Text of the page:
one being the criticism of current literature, the othei
being Whig politics." The commencement of the "Ed-
inburgh Review" formed a new era in English literature,
and completely changed the style of the popular maga-
zines. Jeffrey was the principal contributor ; and his
articles in both politics and criticism attracted great atten-
tion. Scott, Byron, Coleridge, Wordsworth, Moore, and
other distinguished poets of that period were severely
sometimes unjustly criticised ; but most of them after-
wards became warm friends of the great reviewer. About
1802 he married his second-cousin, Catherine Wilson,
who died in 1805. In 1813 he married an American lady
in New York, named Charlotte Wilkes. Though Jeffrey-
devoted so much of his time to editorial labours, his
practice as a lawyer greatly increased. In rapidity, flu-
ency, and eloquence he had no equal at the Scottish bar.
Once, while conducting the prosecution of a libel-suit
at Glasgow, he poured forth such a torrent of words that
the opposing counsel declared " that, by calculation with
his watch, that man had actually spoken the English
Janguage twice over in three hours." In 1820 he was
elected lord rector of the University of Glasgow. Nine
(rears later he became dean of the faculty of advocates,
and thereupon resigned the editorial chair of the

'Edinburgh Review." In 1830 he was elected to the
first Parliament of William IV. He continued in Par-
liament four years, and held the office of lord advocate
of Scotland under the administration of Grey. He re-
ceived the appointment to a Scottish judgeship in 1834,
with the honorary title of Lord. As a judge he was
highly esteemed for his conscientiousness and his busi-
ness qualifications. Lord Jeffrey's contributions to the
" Edinburgh Review" extend over a period of nearly
fifty years, and amount to over three hundred articles.
The greater part of these were published, in 4 vols., in
1843. Died in January, 1850.

See LORD COCKBURN, "Life of Lord Jeffrey," i vols., :35:
ALLIKONE, " Dictionary of Authors ;" " Quarterly Review" for July,
1852; "Blackwood's Magazine" for September and October. 1852:
"Eraser's Magazine" for May, 1852; "North British Review" for
May, 1850, and August, 1852. Foi an able, though somewhat severe,
review of Jeffrey's character as a critic, see article entitled " British
Critics," published in the second volume of WHIPPLH'S " Essays and
Reviews," New York, 1849: (it first appeared in the " North Amer-
ican Review" for October, 1845.)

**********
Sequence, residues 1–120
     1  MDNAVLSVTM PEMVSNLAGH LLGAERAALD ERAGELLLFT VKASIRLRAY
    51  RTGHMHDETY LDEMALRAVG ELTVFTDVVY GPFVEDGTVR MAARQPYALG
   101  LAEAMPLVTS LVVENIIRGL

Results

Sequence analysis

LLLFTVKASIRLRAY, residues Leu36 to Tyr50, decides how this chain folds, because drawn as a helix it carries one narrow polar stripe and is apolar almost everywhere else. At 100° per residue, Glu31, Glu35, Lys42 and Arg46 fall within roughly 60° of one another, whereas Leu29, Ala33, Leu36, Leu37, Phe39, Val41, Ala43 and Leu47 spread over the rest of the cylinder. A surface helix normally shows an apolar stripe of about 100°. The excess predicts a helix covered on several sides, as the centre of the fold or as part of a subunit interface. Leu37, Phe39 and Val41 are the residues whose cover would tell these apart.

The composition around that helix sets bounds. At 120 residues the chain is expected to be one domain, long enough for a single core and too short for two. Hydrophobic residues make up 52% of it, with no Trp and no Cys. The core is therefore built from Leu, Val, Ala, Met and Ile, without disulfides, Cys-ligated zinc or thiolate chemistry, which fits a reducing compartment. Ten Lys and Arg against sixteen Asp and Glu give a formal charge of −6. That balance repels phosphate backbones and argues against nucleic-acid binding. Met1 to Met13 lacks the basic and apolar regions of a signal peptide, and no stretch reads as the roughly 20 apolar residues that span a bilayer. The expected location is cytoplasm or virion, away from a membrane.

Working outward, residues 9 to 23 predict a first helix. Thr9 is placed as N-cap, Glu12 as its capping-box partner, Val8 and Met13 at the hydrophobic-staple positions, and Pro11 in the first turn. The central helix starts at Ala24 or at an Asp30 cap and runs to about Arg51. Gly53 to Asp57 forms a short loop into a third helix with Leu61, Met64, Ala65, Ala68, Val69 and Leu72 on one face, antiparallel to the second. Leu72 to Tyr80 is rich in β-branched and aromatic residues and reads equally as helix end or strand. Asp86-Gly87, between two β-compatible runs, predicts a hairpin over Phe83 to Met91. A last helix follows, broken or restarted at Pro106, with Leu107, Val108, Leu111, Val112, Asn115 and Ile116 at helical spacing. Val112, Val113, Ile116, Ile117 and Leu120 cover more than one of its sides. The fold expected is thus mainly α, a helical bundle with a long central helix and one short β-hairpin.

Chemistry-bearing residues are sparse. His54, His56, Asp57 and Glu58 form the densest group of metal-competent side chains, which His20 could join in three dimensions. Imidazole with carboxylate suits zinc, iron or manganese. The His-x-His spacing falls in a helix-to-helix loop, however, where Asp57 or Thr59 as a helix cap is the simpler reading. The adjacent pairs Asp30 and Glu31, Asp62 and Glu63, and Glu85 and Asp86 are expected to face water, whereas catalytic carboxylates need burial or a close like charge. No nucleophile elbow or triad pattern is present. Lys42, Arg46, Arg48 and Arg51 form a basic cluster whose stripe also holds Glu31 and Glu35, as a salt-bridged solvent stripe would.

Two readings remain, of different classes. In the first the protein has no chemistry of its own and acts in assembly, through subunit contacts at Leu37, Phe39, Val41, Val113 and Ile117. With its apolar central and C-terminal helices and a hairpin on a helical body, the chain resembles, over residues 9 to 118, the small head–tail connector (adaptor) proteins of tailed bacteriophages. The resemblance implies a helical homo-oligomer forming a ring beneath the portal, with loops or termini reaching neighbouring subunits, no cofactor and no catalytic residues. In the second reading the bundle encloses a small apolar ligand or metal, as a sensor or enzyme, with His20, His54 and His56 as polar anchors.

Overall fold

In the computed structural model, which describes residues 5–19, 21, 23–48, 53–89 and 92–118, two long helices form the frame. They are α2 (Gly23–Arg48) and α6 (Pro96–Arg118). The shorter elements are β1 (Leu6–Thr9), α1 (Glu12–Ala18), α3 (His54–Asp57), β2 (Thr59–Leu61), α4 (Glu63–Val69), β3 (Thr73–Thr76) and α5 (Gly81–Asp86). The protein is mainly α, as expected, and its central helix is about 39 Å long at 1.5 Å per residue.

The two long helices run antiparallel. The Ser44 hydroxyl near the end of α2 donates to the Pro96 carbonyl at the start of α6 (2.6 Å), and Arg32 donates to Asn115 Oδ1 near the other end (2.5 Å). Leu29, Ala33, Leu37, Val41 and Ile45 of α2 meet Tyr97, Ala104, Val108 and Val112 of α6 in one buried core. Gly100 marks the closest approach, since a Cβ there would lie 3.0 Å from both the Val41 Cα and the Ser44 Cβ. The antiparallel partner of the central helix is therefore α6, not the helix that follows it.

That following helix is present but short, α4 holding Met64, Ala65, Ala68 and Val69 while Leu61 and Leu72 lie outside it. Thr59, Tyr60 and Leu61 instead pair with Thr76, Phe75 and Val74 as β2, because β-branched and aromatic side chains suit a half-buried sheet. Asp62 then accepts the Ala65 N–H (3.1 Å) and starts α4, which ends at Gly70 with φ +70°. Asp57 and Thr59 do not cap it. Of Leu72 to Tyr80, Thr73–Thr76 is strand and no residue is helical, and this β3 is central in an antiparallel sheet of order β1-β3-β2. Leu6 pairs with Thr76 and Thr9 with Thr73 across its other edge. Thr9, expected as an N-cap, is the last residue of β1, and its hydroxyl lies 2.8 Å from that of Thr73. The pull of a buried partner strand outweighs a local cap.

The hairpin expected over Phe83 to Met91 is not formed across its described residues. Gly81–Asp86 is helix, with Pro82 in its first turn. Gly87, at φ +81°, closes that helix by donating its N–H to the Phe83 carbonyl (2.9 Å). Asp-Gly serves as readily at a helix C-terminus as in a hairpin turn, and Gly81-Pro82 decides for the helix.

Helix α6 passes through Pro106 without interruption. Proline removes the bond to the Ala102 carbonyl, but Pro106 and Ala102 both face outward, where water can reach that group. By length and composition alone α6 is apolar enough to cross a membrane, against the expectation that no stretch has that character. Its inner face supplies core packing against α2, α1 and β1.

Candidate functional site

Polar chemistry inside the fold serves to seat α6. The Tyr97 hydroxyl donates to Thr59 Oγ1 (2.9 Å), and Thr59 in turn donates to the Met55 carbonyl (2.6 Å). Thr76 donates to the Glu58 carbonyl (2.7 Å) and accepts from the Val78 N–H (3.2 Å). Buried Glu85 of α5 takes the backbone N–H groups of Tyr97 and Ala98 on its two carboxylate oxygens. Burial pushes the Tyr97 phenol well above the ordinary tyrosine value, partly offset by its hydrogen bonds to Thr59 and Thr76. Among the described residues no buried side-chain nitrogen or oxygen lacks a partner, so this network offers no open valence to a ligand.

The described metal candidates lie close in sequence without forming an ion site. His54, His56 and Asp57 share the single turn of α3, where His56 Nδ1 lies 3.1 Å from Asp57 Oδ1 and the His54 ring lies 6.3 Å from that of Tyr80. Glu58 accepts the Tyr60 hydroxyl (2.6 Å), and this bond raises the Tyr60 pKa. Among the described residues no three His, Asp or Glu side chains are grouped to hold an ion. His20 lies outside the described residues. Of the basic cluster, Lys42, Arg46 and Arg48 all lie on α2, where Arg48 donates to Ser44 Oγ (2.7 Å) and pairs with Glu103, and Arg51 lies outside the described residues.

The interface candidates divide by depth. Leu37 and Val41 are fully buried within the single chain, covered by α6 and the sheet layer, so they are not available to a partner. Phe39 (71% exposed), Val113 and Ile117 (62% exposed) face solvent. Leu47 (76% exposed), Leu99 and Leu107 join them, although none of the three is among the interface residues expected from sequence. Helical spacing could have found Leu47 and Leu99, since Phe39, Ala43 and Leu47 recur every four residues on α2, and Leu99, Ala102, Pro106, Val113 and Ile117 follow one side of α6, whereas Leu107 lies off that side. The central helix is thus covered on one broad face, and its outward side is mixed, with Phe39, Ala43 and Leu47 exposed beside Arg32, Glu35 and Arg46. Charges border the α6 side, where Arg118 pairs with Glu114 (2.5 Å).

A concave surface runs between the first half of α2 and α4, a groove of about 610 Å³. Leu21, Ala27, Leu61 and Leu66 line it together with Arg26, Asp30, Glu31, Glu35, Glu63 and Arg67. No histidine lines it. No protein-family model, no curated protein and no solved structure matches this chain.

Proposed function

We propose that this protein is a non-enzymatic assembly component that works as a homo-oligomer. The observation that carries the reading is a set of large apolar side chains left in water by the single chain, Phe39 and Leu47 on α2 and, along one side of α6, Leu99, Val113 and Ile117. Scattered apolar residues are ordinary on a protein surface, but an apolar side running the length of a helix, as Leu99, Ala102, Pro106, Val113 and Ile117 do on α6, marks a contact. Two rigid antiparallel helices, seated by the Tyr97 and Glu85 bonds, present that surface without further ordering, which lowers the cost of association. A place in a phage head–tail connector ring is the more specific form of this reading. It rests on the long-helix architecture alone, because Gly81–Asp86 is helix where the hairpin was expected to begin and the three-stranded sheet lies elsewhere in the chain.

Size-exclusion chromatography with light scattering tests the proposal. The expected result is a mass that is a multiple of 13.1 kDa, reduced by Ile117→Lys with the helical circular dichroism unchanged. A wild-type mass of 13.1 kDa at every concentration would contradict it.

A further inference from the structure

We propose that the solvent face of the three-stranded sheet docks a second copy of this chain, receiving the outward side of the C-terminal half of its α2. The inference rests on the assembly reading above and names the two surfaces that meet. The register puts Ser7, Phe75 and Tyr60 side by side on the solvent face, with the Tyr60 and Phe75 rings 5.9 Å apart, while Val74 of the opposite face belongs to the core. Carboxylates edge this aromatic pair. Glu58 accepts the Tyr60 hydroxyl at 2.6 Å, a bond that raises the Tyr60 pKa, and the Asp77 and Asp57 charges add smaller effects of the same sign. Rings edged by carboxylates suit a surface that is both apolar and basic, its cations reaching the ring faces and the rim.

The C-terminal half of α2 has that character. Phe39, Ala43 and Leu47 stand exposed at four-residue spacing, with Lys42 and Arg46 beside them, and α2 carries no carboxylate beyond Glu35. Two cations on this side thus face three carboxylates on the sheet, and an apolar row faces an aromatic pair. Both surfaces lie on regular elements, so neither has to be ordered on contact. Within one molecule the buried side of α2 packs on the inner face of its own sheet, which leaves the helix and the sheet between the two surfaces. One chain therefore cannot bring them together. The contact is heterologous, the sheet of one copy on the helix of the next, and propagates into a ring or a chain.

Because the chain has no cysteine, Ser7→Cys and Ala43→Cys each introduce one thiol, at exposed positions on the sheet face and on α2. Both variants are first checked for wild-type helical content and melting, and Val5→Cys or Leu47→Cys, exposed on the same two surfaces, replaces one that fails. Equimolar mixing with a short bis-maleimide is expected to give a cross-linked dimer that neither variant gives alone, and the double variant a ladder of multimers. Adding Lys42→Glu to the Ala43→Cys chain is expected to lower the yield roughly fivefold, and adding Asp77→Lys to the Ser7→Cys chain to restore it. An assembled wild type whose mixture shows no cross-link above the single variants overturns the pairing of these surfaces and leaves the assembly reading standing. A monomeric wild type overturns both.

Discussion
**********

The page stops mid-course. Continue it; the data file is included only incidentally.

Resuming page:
Jeffrey, (RoSA VERTNER,) an American novelist,
born at Natchez, Mississippi, in 1828. Her maiden
name was GRIFFITH, the name Vertner being that of an
aunt who adopted her. When seventeen years old, she
married a Mr. Johnson, of Lexington, Kentucky, and
after his death married Mr. Alexander Jeffrey. Among
her works are "Poems," (1857,) "Daisy Dare," etc.,
(1871,) "Crimson Hand, and other Poems," (1881,) and
the novels " Woodburn" (1863) and " Marah," (1884.)

Jeffreys, (Lord GEORGE,) Baron Wem, the infamorj
minion of James II., was born at Acton, in Denbighshire,
and studied law at the Middle Temple. At first he pro-
fessed to be a Roundhead, and was chosen recorder of
London, and city judge. During his practice at the Old
Bailey bar he had acquired a boundless command of the
language in which the depraved express hatred and con-
tempt ; and on the bench he hesitated not to pour forth
torrents of oaths, curses, and vituperative epithets on
attorneys, jurymen, witnesses, and prisoners. Age and
merit were treated in the same manner ; for when Baxter
was brought before him, on a charge of nonconformity,
he railed in such a manner at that eminent divine and
his counsel that it was impossible to obtain a fair trial.
His voice and manners were always disagreeable ; but
these, which he considered natural advantages, he had
improved to such a degree that in his paroxysms of rage
few could hear him unmoved. His eye had a terrible
fascination for the prisoner on whom it was fixed. He
appeared to delight in misery merely for its own sake.
Such was the man who became the court favourite of
James and chief justice of England. Jeffreys, perceiving
that he had obtained all that could be expected from
his old friends, sought the favour of the court. He
received great attention from the Duke of York ; but
the king regarded him with contempt and disgust Not-
withstanding these views, however, Jeffreys was soon
made chief justice of the king's bench. Upon James's
accession to the throne he was raised to the peerage,
with the title of Baron Wem, and was subsequently
made lord high chancellor of England. He gained great
notoriety during the trials of those who had participated
in the rebellion of the Duke of Monmouth. Pen can
scarcely portray the atrocities committed under his juris-
diction. He delighted in torturing, burning, hanging,
and beheading men, women, and children, after the